David Cameron today said he “warmly welcomed” the news that French manufacturer Areva plans to build a wind turbine and blades factory in Scotland.
Areva, which specialises in the energy sector making nuclear reactors as well as wind turbine parts, said it has signed a Memorandum of Understanding (MoU) for developing an industrial site in East Scotland.
The factory could create 750 direct jobs, making 5 MWe turbines for offshore projects in the UK, supplying France, Belgium and more southerly UK projects.
The Prime Minister said: “”I warmly welcome AREVA’s announcement today which is brilliant news for Scotland. I am determined that Britain competes and thrives in the global race and this shows that the UK remains an attractive place for foreign investment.
“Growth of the renewable energy sector isn’t just good for our environment, it’s good for our economy too and with more renewable energy deployed under three years of this Coalition Government than under 13 years of the previous Government, the UK is now the world’s biggest offshore wind market.”
He said UK schemes like the world’s first Green Investment Bank, which is based in both London and Edinburgh, make Scotland an “obvious place” for companies like AREVA to invest in.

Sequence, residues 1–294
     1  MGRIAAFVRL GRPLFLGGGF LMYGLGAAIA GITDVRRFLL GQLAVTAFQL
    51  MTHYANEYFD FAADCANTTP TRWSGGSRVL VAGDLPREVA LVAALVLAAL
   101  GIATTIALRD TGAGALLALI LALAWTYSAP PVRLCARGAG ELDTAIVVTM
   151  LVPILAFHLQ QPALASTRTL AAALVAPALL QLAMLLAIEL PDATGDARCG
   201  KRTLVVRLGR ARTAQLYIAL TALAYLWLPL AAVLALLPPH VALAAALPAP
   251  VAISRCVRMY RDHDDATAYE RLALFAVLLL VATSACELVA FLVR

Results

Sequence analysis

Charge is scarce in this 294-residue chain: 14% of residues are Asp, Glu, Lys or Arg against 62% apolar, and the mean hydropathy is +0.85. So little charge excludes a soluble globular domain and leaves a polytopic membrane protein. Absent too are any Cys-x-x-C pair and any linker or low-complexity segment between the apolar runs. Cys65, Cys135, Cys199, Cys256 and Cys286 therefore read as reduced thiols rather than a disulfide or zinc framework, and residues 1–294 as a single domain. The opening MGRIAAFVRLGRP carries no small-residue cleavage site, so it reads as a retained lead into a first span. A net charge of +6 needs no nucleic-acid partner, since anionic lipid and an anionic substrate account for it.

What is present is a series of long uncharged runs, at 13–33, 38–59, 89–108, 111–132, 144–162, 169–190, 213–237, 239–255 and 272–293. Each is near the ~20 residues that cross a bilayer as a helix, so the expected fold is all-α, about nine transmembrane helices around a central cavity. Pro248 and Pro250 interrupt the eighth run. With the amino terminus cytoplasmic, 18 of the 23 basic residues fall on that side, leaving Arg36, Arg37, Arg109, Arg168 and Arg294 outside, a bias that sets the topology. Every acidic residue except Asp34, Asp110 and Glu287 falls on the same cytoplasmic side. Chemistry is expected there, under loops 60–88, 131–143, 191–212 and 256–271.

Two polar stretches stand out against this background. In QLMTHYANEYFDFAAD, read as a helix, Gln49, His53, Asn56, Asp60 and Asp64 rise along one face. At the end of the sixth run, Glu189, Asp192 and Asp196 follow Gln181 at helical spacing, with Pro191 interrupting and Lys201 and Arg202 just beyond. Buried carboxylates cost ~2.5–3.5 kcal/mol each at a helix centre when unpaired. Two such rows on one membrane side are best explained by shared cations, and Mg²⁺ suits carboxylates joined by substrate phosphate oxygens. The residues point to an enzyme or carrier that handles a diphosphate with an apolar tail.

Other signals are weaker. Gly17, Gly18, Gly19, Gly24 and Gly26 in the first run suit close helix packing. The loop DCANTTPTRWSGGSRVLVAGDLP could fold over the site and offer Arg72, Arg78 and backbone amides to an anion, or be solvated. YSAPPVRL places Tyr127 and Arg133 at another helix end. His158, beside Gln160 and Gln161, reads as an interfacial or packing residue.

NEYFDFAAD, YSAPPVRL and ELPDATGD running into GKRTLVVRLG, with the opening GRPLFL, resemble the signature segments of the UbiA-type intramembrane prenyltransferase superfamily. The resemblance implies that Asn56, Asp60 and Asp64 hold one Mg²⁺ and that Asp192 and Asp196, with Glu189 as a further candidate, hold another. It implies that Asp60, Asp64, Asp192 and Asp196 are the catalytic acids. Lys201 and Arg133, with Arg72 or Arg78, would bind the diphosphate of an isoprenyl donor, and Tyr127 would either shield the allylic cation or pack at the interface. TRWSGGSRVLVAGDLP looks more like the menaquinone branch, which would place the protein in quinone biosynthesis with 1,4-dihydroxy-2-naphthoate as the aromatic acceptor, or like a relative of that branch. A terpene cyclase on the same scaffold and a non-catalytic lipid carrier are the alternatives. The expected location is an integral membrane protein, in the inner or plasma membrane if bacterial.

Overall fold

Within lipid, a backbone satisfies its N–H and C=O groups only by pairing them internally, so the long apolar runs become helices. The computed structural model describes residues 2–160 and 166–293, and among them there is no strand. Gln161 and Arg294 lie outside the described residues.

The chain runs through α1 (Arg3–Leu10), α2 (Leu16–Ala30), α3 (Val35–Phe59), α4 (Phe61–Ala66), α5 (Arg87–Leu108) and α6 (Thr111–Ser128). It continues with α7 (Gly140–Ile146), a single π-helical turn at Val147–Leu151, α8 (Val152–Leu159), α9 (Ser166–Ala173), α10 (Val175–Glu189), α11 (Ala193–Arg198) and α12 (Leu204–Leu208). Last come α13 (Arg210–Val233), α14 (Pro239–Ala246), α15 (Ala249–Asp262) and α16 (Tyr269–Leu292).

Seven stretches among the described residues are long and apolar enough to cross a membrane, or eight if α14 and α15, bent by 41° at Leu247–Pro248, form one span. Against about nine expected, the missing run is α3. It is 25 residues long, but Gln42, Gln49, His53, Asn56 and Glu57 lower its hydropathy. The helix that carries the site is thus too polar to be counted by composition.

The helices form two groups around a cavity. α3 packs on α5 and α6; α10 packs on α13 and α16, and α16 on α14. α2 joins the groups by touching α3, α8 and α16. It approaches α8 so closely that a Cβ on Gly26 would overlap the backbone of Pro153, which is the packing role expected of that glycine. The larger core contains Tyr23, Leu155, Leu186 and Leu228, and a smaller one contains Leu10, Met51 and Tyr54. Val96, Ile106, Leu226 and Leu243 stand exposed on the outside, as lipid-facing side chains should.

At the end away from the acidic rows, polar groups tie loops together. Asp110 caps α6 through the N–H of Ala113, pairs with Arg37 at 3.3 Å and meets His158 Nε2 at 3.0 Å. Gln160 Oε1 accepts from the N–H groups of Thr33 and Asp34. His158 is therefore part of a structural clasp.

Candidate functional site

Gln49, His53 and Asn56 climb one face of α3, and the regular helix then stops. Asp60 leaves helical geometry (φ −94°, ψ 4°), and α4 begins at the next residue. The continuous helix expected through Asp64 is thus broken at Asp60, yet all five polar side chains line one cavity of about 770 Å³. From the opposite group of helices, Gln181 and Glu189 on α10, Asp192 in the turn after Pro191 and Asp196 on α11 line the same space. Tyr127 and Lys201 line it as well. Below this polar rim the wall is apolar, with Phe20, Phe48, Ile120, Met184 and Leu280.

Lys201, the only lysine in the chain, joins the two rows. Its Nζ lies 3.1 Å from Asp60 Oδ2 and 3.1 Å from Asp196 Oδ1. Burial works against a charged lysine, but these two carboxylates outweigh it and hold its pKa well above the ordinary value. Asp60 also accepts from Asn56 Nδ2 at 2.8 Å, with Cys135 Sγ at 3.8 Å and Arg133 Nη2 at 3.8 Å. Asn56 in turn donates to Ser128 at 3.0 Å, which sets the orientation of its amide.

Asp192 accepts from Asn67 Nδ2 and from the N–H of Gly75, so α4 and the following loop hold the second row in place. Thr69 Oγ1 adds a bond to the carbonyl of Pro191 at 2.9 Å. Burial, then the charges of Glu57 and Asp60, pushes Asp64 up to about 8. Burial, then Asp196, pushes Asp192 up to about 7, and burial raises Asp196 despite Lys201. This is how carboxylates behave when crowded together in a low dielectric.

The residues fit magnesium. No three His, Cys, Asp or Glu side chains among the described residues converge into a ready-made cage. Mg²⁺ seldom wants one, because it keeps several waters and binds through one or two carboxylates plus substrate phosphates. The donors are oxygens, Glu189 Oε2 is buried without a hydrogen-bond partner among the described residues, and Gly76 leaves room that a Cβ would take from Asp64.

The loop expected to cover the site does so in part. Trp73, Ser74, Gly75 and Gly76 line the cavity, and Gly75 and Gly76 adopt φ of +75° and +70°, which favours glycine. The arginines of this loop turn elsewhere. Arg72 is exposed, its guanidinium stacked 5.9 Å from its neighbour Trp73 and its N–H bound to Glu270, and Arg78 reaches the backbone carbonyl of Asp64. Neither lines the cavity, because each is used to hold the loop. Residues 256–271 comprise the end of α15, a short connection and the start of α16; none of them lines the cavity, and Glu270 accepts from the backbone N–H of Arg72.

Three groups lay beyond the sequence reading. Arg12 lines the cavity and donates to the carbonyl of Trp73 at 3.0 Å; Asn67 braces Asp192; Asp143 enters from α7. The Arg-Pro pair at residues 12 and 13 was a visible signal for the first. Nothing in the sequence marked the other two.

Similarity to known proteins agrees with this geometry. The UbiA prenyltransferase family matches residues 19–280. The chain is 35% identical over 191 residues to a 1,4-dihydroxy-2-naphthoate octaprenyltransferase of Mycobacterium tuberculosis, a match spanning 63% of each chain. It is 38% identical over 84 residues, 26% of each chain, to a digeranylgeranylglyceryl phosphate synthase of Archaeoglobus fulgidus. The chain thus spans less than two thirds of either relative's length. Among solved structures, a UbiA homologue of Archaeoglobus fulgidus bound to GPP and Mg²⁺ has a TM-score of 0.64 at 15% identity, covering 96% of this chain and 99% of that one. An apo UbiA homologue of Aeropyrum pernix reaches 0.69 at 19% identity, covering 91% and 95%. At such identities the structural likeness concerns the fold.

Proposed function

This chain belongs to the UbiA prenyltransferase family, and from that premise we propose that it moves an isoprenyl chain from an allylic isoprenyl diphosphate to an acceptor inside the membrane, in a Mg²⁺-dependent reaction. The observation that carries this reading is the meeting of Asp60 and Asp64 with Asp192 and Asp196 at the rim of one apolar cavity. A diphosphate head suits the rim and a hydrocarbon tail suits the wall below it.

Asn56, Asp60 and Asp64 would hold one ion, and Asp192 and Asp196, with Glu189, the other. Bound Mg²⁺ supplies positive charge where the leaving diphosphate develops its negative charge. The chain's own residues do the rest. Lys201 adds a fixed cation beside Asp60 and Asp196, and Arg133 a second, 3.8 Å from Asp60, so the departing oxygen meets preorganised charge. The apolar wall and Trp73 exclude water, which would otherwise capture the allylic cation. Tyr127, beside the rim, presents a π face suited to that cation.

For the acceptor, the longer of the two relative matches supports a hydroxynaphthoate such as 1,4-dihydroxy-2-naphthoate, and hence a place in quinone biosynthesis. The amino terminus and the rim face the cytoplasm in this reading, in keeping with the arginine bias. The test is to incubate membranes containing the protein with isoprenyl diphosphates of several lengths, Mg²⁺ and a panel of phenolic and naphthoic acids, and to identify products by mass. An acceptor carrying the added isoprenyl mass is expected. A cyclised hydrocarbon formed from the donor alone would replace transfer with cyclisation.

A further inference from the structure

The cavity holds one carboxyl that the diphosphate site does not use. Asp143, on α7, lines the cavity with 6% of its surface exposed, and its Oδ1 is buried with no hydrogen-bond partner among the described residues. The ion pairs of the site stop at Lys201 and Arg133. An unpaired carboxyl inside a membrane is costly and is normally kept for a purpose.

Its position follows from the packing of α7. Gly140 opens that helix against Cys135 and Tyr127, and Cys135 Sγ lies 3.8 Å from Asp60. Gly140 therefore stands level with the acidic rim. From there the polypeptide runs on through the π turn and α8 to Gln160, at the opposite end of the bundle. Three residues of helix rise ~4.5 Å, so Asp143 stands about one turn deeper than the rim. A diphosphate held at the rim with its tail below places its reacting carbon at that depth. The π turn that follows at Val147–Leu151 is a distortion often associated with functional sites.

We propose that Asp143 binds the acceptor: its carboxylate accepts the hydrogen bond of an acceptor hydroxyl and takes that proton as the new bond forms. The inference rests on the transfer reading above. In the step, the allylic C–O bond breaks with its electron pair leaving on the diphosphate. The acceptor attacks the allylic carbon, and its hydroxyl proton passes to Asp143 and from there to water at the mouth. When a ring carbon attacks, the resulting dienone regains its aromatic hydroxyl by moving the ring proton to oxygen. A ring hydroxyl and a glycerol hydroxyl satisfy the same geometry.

Energy Secretary Ed Davey said: “Offshore wind is a multi-billion pound opportunity for UK plc, which we must seize with both hands. Areva’s announcement is the latest sign that the UK is set to reap the economic benefits of being at the forefront of low carbon energy. This inward investment will support 750 jobs and bring wider benefits to Scotland and the UK economy.”
Luc Oursel, CEO of AREVA said: “This demonstrates the group’s commitment to contribute to the development of an ambitious offshore wind industry in the UK. The Scottish site will complete our industrial plan to supply European offshore wind projects and will strongly position us to grasp opportunities in the extensive UK market.”
Areva recently partnered with engineering consultancy Akins to bid for nuclear decommissioning projects in the UK.
The Department of Energy and Climate Change said it is expected the factory will be part of a wider cluster of offshore wind manufacturing facilities.